In “Can Handwriting Make You Smarter?” Robert Lee Hotz argues what many teachers already believe: that students who hand write their notes learn better than those who type. According to Hotz, faster note-taking does not correlate with deeper understanding of the material. Researchers have found that “the very feature that makes laptop note-taking so appealing – the ability to take notes more quickly – was what undermined learning.” Interestingly, digital note-taking does appear to result in short-term gains for note-takers. But after 24 hours, those who type notes start to forget the material they transcribed. To arrive at these conclusions, researchers at Princeton and UCLA compared the work product of students who took longhand notes and found that they not only retained knowledge for longer, but also more readily understood new concepts. Adds Michael Friedman of Harvard, when we take notes, we actually “transform” what we hear, making information acquisition both dynamic and personal. Based on this research, the sharpest edge appears to still belongs to the student who can distill and synthesize information as he/she hears it and commit it to memory through writing notes by hand.


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Looking Back and Moving Forward: End of School Year Reflections

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As we head into the final stretches of the school year, each teacher and student should take time to reflect on the highs and lows of the year. What worked? What flopped? How can you improve for next year? What from your old job will you bring to your new one? What must you definitely leave behind? Whether you are in your first year in an independent school you will call home for many years, heading to a new school next year or know that it is time to begin the process of pursuing a new private school teaching job for Fall 2017, use these next few weeks to reflect and to encourage your students to do the same.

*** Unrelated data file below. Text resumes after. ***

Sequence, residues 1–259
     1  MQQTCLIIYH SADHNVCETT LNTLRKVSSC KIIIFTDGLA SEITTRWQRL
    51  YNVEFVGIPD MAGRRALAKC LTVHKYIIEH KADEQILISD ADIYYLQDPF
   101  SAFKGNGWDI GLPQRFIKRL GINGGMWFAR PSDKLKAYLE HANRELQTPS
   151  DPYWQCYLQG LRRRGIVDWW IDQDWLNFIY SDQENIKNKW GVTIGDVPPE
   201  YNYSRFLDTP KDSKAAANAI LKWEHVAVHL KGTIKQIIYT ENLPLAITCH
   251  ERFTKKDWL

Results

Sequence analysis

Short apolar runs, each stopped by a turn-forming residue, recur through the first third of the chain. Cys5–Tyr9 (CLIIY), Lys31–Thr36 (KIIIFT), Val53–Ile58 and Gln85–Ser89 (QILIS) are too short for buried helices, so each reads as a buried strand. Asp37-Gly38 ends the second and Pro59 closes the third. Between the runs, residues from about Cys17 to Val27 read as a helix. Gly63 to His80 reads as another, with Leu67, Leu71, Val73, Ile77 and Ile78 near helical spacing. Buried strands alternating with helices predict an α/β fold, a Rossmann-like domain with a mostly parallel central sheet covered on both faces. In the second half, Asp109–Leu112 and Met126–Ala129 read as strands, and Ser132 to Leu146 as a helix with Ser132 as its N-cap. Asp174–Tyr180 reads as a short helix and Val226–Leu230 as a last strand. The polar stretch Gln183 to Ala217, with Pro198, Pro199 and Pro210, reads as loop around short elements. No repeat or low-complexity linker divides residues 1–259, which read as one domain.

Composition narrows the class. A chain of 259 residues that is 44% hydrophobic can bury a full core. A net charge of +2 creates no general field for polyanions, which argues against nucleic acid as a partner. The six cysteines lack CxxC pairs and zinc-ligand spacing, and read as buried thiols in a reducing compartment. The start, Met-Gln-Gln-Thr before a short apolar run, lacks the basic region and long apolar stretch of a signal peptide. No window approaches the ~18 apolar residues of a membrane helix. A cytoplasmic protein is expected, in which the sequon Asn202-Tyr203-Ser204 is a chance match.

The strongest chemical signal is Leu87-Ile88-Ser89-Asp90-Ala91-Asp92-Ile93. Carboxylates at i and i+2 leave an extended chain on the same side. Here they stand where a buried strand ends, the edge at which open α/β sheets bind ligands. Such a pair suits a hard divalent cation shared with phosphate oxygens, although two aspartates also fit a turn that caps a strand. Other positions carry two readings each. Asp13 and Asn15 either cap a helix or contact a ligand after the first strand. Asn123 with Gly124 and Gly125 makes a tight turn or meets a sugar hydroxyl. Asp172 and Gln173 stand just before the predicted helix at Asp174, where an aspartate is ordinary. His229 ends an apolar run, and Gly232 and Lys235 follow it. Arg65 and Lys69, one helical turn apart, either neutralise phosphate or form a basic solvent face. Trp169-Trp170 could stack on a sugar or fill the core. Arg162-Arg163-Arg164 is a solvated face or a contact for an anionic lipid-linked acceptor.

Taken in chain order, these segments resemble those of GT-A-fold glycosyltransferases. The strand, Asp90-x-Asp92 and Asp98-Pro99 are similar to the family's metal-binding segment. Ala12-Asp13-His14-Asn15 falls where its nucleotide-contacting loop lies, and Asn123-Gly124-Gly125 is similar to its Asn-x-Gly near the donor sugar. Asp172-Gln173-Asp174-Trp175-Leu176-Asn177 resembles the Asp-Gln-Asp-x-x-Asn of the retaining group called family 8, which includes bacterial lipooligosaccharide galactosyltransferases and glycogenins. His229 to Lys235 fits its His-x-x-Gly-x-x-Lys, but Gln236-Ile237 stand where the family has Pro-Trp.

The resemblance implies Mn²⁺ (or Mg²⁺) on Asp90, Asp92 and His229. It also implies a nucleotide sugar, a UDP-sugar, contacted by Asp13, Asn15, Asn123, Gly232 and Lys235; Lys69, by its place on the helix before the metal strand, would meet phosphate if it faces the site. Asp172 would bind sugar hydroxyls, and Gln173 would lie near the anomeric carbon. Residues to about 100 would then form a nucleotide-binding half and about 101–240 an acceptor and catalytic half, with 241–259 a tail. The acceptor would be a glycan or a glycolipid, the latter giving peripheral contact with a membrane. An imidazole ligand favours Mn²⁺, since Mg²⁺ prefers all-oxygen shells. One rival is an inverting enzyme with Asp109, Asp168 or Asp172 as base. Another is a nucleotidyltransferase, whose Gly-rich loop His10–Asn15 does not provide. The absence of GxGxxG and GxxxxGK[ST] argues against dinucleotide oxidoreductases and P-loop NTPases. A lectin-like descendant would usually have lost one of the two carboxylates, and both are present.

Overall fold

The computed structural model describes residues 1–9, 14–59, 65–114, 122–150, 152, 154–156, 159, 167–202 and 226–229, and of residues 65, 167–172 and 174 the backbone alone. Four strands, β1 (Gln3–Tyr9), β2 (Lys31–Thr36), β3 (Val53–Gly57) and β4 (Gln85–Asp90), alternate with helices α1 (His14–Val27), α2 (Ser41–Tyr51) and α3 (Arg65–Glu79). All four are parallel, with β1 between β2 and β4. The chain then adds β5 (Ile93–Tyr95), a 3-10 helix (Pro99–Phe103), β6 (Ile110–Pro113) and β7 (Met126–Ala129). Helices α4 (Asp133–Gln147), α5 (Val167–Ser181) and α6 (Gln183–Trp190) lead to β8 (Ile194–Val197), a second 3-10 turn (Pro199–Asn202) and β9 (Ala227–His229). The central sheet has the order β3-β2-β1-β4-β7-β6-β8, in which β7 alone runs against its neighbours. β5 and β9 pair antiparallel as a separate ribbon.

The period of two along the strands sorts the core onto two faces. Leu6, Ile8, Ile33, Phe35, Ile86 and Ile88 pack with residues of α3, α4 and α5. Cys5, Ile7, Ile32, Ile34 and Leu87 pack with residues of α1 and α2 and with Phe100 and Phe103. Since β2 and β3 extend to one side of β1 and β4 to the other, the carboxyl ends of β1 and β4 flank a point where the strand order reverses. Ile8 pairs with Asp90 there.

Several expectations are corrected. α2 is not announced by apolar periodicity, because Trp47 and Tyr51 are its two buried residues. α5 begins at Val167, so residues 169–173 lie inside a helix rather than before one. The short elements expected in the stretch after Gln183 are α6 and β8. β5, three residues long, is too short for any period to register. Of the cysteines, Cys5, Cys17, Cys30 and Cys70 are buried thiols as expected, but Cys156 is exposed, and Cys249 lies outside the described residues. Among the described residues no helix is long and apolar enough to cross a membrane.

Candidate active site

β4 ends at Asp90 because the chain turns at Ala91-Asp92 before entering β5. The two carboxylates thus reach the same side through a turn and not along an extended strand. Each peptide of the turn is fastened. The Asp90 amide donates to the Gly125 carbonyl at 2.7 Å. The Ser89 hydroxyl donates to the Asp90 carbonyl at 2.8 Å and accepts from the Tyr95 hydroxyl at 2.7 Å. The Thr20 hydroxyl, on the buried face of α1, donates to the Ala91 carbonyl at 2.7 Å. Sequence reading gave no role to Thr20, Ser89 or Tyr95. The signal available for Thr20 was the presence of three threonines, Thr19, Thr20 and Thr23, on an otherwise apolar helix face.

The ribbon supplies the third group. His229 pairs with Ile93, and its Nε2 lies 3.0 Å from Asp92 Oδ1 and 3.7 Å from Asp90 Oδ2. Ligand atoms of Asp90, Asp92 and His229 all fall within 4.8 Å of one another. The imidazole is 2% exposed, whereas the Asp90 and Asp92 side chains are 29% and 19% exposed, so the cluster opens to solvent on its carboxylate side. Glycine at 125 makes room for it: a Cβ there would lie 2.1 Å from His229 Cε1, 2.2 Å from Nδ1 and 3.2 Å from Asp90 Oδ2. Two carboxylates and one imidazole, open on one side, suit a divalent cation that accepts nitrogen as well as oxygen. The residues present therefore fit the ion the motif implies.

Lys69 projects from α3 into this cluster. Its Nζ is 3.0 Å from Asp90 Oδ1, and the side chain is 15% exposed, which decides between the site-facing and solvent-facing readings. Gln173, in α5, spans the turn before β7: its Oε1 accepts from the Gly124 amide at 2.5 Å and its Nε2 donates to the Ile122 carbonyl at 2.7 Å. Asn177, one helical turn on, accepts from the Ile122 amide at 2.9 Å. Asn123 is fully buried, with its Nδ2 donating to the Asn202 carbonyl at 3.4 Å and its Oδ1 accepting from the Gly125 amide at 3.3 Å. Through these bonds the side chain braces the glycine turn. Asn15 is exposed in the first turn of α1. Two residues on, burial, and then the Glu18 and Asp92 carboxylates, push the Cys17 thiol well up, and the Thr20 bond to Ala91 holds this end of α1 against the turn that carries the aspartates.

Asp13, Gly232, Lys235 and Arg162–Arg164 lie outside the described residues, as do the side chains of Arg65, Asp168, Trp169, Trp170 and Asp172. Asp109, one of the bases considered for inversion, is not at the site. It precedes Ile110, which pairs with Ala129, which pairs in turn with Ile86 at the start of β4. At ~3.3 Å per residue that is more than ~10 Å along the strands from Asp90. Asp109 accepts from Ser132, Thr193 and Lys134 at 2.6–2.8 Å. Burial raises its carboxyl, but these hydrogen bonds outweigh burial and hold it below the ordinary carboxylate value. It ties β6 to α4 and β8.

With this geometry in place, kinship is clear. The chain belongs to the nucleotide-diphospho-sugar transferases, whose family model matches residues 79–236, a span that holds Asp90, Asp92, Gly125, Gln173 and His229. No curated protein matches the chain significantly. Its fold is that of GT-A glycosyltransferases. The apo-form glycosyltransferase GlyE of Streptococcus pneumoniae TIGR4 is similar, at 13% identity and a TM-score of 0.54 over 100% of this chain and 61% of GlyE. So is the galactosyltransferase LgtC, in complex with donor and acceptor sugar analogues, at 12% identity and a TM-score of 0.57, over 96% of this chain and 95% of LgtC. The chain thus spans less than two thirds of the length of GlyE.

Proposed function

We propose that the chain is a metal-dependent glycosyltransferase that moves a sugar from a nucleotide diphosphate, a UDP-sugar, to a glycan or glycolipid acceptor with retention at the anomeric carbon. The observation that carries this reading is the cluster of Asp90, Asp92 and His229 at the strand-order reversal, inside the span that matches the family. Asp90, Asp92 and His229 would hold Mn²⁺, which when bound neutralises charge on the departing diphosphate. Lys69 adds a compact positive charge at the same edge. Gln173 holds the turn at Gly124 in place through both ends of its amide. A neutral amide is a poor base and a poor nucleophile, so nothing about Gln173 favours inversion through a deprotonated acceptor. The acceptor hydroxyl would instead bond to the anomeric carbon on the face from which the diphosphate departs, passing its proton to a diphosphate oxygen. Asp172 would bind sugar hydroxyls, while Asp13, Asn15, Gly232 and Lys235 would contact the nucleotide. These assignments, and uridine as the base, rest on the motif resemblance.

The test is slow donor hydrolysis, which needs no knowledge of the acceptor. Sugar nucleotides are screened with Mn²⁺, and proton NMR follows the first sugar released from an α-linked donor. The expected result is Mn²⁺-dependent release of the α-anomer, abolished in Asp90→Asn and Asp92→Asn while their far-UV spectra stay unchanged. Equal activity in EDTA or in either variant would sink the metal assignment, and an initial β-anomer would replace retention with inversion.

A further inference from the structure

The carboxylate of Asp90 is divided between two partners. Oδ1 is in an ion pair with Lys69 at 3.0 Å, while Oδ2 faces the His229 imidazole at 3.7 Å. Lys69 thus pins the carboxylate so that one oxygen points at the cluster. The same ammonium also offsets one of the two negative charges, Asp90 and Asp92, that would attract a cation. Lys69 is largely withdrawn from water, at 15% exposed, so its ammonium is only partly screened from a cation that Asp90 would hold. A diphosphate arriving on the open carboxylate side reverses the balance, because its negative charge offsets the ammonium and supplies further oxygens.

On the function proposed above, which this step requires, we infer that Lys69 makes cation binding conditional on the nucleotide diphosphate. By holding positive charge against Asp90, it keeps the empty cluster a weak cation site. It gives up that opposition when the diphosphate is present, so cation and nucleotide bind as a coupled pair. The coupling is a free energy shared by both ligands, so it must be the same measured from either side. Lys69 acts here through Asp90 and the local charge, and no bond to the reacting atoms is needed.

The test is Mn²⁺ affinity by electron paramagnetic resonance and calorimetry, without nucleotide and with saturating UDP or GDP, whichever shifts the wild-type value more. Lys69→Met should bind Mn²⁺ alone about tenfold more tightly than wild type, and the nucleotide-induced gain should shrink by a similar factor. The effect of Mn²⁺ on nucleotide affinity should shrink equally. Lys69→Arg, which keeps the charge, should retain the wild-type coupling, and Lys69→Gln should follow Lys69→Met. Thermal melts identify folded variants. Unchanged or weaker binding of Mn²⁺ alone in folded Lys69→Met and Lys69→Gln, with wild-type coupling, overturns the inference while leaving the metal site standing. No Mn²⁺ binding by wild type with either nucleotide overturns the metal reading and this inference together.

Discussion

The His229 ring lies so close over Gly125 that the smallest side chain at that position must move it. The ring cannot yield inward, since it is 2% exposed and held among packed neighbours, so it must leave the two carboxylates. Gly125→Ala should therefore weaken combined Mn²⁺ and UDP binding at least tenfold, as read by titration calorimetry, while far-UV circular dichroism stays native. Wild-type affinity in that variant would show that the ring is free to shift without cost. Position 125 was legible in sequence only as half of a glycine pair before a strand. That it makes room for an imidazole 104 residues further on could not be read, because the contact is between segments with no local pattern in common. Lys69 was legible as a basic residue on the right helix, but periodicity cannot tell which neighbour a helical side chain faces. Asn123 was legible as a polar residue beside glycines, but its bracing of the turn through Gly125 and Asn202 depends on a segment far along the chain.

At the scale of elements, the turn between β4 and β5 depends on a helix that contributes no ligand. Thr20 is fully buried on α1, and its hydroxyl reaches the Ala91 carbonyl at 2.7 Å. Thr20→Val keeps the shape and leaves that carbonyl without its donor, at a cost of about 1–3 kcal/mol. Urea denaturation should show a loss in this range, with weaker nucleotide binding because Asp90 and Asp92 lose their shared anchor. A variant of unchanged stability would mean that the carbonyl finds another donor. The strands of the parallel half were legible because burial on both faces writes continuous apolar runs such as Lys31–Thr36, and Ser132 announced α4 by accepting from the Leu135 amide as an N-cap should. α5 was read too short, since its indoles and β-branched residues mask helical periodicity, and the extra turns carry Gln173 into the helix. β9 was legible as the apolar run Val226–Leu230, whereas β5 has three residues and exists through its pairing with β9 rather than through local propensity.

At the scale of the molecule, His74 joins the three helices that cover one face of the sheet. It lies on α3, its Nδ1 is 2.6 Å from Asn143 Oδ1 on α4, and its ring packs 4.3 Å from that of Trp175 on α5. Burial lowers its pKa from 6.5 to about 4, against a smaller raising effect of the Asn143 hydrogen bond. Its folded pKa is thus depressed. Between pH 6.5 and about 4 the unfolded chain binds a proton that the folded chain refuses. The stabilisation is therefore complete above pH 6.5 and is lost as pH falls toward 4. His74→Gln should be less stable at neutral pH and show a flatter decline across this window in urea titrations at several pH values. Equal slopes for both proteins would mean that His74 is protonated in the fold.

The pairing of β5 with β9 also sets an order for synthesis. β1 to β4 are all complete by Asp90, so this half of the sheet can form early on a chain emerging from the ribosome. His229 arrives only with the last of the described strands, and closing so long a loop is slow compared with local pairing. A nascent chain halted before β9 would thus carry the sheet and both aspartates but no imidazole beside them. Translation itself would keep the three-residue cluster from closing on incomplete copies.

As you reflect, know that EA is here 12 months a year to work with candidates as they contemplate a job search, even if it’s in its earliest stages or unanticipated and last minute. Reach out now to connect.

Interested in more ways to encourage your students to reflect? Read this article by Responsive Classroom.

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Character Development in Our Schools: The Importance of Grit


Character development and how to measure it in students is a particularly hot topic currently among independent school educators. Angela Duckworth, a Psychology Professor at the University of Pennsylvania and the Founder and Scientific Director of Character Lab (which she co-founded along with Head of Riverdale Country School, Dominic Randolph, and Dave Levin, co-founder of KIPP Schools), tackles the subject of “grit” in her new book, Grit: The Power of Passion and Perseverance. While there is much debate about how to develop grittiness in students, Duckworth believes it is critical to have leaders that model such behavior, as she mentions in a recent interview with The Washington PostConnecting with educators who challenge their students while being supportive is increasingly important, as is being able to give concrete examples of such instances during an interview.

If you are looking for a private school teaching job, reach out to EA to see how we can help you, including tips on how to stand out during an interview with an administrator.

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The best MakerSpace is between your own ears!


“The best MakerSpace is between your own ears!”

These words of wisdom came from Gary Stager, PhD, lecturer and renowned leader in the Maker movement. The EA team had the pleasure of hearing Gary speak at this year’s ATLIS (Association of Technology Leaders in Independent Schools) in Atlanta last week and were so impressed by his passion, commitment and dedication to introducing MakerSpaces to children all over the world.

According to Gary, “we have an obligation to introduce children to things they don’t yet know they love.” To learn more about ways to introduce innovation into your classroom, check out Gary’s book, Invent To Learn. Happy reading – and making!

If you’re an educator interested in exploring private school technology jobs or an independent school administrator looking to hire a Maker teacher, please reach out as we’d be happy to chat with you.

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EA Heads to the ATLIS 2016 National Conference


Team EA is gearing up for next week’s ATLIS 2016 National Conference in Atlanta, Georgia. We look forward to connecting with old friends and new at this meeting of independent school technology leaders. Are you attending? Reach out to us at [email protected] to find a time to connect directly or come find us in the Tech Gallery throughout the conference.